Updated from 4:08 p.m. EDT
Stocks endured another difficult session, as concerns about the state of corporate earnings and the prospect of war with Iraq dragged the
below the six-year low it set in July.
Dow Jones Industrial Average
closed down 114 points, or 1.4%, at 7872.2, while the Nasdaq fell 36 points, or 3%, to 1184.9. The
lost 12 points, or 1.4%, to finish at 833.7.
The Nasdaq, which fell 5.4% last week, is now below its Aug. 5 closing low of 1206, and is also beneath the 1192 it hit during the July 24 session.
The sell-off in stocks was being matched by a corresponding rally in the Treasury bond market. Recently, the 10-year note was up 28/32 to yield 3.68%, a yield not seen since the Kennedy administration. Besides their safe-haven status, the notes were reportedly benefiting from demand on the part of mortgage lenders seeking to extend the average duration of their assets in the face of mass prepayments.
Morgan Stanley on Monday lowered its 2002 earnings estimate for companies in the S&P 500 to $47.50 a share from $50, citing a slow economic recovery. The brokerage also cut its estimate for 2003 earnings to $55 a share from $58.
Oil prices were at a one-year high Monday morning amid reports that the U.S. is making initial military preparations for a potential invasion of Iraq. Brent crude oil for November delivery rose as much as 48 cents, or 1.7%, to $28.91 a barrel on the International Petroleum Exchange in London.
The New York Times
reported Monday that American military commanders have taken preliminary steps to deploy forces, although these steps have been designed not to interfere with President Bush's efforts to line up military support for an attack. Meanwhile, Republicans and Democrats predicted over the weekend that Congress will pass a resolution to authorize military action against Iraq.
Among individual sectors, telecommunications, networking, retail, wireless and the airlines were all facing pressure, while tobacco and oil services were showing some strength. Decliners outpaced advancers 3 to 1 on the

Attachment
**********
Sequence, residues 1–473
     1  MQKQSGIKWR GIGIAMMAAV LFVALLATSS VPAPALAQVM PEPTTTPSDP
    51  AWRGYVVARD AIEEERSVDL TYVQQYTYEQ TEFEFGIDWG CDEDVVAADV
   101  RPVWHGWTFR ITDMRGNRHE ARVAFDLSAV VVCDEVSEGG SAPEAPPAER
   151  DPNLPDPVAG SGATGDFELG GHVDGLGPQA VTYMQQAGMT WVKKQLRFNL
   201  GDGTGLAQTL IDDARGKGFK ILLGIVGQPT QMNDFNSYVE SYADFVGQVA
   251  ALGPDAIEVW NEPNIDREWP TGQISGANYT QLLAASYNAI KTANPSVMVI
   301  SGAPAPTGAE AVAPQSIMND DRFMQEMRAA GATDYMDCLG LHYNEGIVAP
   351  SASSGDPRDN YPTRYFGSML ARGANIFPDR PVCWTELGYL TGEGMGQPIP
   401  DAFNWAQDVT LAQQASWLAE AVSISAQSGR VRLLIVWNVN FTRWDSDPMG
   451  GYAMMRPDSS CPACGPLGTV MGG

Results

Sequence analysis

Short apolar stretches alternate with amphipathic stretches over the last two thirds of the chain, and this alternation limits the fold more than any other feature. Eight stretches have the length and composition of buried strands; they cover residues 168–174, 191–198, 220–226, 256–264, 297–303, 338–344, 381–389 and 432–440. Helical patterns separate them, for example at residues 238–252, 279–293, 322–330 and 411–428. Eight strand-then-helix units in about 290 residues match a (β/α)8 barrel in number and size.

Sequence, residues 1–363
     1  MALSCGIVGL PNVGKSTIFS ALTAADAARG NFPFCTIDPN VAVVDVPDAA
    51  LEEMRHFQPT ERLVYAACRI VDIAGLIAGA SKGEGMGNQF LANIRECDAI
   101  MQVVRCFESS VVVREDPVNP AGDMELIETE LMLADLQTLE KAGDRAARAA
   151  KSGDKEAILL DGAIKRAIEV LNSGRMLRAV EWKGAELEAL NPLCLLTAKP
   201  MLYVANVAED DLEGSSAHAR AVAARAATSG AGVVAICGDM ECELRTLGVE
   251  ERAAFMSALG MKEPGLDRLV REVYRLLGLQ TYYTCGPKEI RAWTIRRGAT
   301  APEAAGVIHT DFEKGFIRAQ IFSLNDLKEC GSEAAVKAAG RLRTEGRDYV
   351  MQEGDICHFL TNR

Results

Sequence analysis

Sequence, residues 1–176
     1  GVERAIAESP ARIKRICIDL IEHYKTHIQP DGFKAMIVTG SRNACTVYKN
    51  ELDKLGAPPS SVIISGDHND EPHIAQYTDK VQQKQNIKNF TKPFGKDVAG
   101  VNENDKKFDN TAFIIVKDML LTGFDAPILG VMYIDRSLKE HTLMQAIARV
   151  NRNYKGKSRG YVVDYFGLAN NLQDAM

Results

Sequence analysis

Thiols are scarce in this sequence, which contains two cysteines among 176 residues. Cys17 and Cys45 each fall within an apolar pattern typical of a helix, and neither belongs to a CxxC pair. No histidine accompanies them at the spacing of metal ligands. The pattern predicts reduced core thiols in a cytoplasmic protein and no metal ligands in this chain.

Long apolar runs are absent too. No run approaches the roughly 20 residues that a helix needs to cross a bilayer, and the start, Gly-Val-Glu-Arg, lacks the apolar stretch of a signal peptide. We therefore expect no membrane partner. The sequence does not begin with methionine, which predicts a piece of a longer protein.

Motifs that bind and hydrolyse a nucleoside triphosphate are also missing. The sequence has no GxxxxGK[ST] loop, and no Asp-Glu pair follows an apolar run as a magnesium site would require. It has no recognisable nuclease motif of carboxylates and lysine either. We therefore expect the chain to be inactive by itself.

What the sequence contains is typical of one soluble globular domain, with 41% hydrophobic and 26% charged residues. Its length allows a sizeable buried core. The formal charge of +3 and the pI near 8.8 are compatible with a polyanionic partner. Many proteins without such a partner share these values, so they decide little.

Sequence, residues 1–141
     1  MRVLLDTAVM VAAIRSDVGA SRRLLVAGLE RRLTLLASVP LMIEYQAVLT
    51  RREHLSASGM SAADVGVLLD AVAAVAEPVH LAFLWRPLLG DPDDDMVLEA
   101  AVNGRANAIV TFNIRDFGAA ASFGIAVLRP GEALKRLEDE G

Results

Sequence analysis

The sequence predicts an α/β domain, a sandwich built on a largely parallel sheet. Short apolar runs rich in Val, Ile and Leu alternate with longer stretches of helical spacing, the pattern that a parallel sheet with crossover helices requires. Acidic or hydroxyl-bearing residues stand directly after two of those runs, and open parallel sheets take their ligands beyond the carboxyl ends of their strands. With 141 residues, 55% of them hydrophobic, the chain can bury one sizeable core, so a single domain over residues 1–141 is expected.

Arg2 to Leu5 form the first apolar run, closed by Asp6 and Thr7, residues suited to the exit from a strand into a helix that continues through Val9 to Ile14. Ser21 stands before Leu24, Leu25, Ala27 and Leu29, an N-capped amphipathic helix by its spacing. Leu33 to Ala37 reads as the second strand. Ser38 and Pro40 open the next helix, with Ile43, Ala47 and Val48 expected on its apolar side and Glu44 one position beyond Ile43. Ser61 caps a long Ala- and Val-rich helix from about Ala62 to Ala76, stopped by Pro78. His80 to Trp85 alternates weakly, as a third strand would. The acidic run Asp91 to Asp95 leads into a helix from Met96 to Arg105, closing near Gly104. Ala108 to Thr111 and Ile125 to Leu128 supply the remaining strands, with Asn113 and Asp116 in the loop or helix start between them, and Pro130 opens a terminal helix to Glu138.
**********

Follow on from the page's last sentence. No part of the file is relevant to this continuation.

New York Stock Exchange and 5 to 2 on the Nasdaq.
was a big winner after the company's chief executive offered to buy out public shareholders for $29.50 a share, a 20% premium over Friday's close. The shares jumped 18.4% at $28.99.
Monday's corporate news was dominated by the telecom sector.
said it had discovered nearly $1 billion in additional revenue and costs that might require restatement. The amounts relate to optical capacity swaps on its network, and brought to nearly $1.5 billion the amount of potential restatements it is now contemplating. The stock fell 2.1% to $2.79.
entered a $2.3 billion deal to sell its phone-directory business to
. Donnelley's shares tacked on 0.5% to $23.70, while Sprint's shares rose 4.4% to $9.42.
Optical equipment maker
pared its first-quarter sales guidance, as telecom weakness continued to take a toll. The company now expects sales of $190 million to $200 million for the period ending Sept. 30, below its previously estimated range of $200 million to $210 million. The lowered guidance reflects contract cancellations of $10 million to $20 million. Shares fell 10.8% to $1.89. The broader sector was also seeing a sell-off, with the Amex Networking Index down 3.7%.
In economic news, the Conference Board said
leading indicators fell 0.2% in August, compared with a 0.1% decrease in July, marking the third straight month of declines. The results, which were slightly below economists' expectations, suggest a recovery in the economy is set to stall.
In the software sector,
filed for Chapter 11 bankruptcy protection, and said it plans to sell its Remedy unit to BMC Software for $350 million in cash, about a third of what it originally paid for it.